Battery Maintenance – BMW 650 GS and Dakar

Battery maintenance is important and fortunately it’s easy. The original battery that comes with the GS and Dakar is unsealed, meaning you periodically need to add water. How often varies but it’s best to check it every few thousand miles or so. If you do a lot of off road riding, it’s best to check it more frequently.

If the water is low, damage to the battery can occur and it won’t hold it’s charge as long. If you find that the battery is consistently low on water, there could be an over-charging problem where the voltage rectifier is pushing too much voltage to the battery. Since it’s right near the battery, we can check that with a volt meter at the same time we check the water levels.

Adding Water to the Battery

  • Go buy some distilled water at the supermarket. It must be distilled. You cannot use regular water.
  • Leave the bike turned off. You do not need to disconnect the battery.
  • Unlocking and opening the rear compartment. Pull the seat release cable and lift the seat at the same time.
  • Remove two screws on the left side body panel; one is where the seat normally covers and the other is up underneath the handlebars where the oil dipstick is located. Remove the same two torx screws located on the right side body panel.
  • Unscrew the 2 torx screws on the center body panelwhich are also located underneath the handle bars. There is enough flex in the side panels that you should be able to pop out the center body panel.
  • Once the center body panel is removed, you will see the battery. The battery is held in place with a rubber strap. Pull and lift the strap. You do not need to remove the battery unless you want to (it’s easier to see the water levels but again isn’t necessary). To remove the battery you need to disconnect the terminals and pull the battery straight out. Note: As with any vehicle battery, disconnect the black terminal first. When reconnecting, connect the positive (red) terminal first.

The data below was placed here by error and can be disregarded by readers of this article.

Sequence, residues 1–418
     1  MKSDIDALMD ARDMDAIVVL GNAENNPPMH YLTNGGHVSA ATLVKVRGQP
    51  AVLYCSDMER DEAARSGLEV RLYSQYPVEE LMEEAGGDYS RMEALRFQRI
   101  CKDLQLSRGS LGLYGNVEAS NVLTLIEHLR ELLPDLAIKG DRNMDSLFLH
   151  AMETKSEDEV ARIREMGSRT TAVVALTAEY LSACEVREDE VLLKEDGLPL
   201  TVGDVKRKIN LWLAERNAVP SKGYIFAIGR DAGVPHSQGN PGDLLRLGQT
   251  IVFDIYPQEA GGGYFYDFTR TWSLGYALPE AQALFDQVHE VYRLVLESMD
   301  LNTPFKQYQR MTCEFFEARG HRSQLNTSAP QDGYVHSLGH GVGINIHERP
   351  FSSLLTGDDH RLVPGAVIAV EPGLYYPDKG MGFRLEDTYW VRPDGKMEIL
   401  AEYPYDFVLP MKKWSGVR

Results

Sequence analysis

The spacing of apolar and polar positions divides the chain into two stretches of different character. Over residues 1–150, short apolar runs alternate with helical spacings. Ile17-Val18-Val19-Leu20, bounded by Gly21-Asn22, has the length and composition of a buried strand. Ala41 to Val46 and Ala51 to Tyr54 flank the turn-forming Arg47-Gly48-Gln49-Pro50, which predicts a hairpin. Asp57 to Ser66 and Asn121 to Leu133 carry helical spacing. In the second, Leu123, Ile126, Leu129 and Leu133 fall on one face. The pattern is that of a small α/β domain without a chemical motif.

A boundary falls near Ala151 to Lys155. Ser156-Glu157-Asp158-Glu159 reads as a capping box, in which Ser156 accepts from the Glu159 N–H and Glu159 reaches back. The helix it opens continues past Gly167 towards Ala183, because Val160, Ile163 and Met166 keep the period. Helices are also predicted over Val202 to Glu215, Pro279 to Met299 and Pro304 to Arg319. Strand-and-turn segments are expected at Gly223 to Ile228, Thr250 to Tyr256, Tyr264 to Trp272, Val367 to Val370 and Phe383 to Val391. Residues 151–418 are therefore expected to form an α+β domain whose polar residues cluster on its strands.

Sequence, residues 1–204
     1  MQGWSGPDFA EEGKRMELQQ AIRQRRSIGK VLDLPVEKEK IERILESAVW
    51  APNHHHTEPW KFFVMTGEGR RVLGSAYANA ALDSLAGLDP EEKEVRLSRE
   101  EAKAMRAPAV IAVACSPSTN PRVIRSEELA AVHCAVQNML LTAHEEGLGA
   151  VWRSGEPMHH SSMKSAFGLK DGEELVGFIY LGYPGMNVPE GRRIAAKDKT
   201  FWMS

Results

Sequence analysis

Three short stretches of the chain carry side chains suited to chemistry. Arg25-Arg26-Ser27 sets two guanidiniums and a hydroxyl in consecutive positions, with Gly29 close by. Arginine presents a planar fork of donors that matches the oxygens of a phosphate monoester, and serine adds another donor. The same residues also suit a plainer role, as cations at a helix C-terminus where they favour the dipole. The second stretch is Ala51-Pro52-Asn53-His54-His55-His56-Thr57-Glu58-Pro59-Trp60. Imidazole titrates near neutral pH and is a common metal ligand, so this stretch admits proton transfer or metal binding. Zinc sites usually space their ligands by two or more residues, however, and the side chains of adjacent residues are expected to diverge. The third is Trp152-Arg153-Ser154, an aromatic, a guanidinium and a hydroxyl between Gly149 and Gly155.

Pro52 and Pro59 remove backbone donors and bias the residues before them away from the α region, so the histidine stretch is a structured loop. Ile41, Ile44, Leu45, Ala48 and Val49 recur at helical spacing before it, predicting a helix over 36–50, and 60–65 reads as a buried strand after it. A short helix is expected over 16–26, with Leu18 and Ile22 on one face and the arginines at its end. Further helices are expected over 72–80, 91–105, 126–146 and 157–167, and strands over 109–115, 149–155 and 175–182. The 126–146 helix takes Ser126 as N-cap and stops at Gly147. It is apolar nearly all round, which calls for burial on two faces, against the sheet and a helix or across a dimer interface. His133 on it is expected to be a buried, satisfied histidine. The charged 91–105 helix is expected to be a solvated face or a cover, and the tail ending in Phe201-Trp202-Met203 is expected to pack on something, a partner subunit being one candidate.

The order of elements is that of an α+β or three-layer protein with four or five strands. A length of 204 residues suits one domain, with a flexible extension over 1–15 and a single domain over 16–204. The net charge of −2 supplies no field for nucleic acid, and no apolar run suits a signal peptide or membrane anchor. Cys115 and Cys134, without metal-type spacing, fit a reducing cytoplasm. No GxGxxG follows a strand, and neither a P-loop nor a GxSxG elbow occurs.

• Get a small damp towel and clean around the top of the battery, especially around the white plastic circular caps. You don’t want any debris to fall into the holes.
  • Once cleaned, remove the first plastic cap with a pair of needle nose pliers. If you look down into the hole with a flashlight, you may be able to see some metal slats. I typically poor in enough distilled water to fully submerge the metal slats. Replace the white plastic cap and repeat the process for each plastic cap.
  • Reattach the center body panel and snap the side body panels into it. Re-insert the torx screws into the center and side panels. Reattach the seat.

Checking voltage Rectifier

  • While the bike is turned off, use a voltage meter to test the battery voltage. Connect the red lead to the positive terminal on the battery. Connect the black lead to the negative terminal on the battery. It should read right around 12 volts DC.
  • Start the bike and leave it running. Connect the red lead to the positive terminal on the battery. It should read around 14 volts DC this time. If the charging voltage is significantly higher than 15 volts, there may be a problem with your voltage rectifier and your battery is getting charged to quickly. This could result in low water levels and could also damage the battery.

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